Antigone by David Greene

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THE QUALITIES OF CREON As readers, we have to make judgments and interpretations of different characters. In
the book, Antigone, translated by David Greene, there is a character by the name of
Creon. While reading Antigone, some important descriptions about Creon become
apparent. He views himself as the perfect leader, believes he is always correct, and wants
control over people.

Creon believes he is the only perfect ruler for Thebes. He believes that he can create a
better city with his presence: "I would not be silent if I saw ruin,…" (p.168 l.203-204).
"I would not count any enemy of my country as a friend-" (p.168 l.205-206). He further
continues by stating "I will make her greater still" (p.168 l.210). In this last quote Creon
declares that he will improve the city (she) by his rulings. Creon describes how his
qualities make him a good ruler and how he would act in different situations.
Furthermore, Creon views himself a good leader because he believes he has the best
attributes and no one can compare to him. Creon shows his over-confidence when he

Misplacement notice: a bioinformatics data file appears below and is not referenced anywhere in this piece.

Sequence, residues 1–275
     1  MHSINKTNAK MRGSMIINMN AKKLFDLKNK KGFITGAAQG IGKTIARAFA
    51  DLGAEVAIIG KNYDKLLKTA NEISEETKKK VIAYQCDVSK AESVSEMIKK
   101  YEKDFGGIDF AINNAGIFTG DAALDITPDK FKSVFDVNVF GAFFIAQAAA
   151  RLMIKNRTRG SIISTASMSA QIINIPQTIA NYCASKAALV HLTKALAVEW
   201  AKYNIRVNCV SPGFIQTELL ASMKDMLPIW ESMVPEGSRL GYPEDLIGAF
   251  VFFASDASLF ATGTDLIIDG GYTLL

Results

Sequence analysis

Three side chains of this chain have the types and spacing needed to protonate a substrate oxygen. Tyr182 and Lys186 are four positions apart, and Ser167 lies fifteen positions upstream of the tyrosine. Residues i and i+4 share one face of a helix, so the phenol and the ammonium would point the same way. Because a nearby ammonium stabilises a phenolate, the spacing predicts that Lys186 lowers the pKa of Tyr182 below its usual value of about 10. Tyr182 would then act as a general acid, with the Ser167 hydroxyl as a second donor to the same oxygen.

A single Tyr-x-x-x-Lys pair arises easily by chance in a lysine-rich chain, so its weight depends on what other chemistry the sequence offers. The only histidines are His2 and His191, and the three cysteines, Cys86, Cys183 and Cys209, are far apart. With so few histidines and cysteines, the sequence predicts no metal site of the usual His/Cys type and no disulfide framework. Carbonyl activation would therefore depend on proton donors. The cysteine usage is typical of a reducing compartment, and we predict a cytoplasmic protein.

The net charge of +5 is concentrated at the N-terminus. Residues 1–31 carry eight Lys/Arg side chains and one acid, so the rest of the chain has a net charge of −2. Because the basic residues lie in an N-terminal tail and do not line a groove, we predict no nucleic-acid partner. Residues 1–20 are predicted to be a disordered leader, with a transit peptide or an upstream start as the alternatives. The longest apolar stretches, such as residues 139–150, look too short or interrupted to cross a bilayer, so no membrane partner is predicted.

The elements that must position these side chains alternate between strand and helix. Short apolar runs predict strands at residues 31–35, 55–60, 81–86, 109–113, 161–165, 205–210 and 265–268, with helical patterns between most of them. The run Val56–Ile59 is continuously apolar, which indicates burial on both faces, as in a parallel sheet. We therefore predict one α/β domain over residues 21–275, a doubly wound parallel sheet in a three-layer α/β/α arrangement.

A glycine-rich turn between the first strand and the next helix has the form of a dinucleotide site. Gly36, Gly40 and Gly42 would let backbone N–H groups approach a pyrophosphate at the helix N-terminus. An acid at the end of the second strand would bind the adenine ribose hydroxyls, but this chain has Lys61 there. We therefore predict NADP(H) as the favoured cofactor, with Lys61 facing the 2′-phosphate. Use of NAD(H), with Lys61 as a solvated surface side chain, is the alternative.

boasts of his role as the perfect ruler of Thebes.

In addition, Creon believes he is always correct in his judgments and his beliefs.
Before the sentry even explains the event that has occurred, the sentry states that
he is only a messenger and that he has not committed the act. Yet Creon still accuses
the sentry of receiving money for the act and threatens to punish him. "That will teach
you in the days to come from what you may draw profit…ill-gotten gains ruin more than
they save" (p.172-173 l.342-346). Creon does not think logically that the sentry would
not turn himself in for such an impious act. Consequently, the Chorus suggests that the
act may have been...
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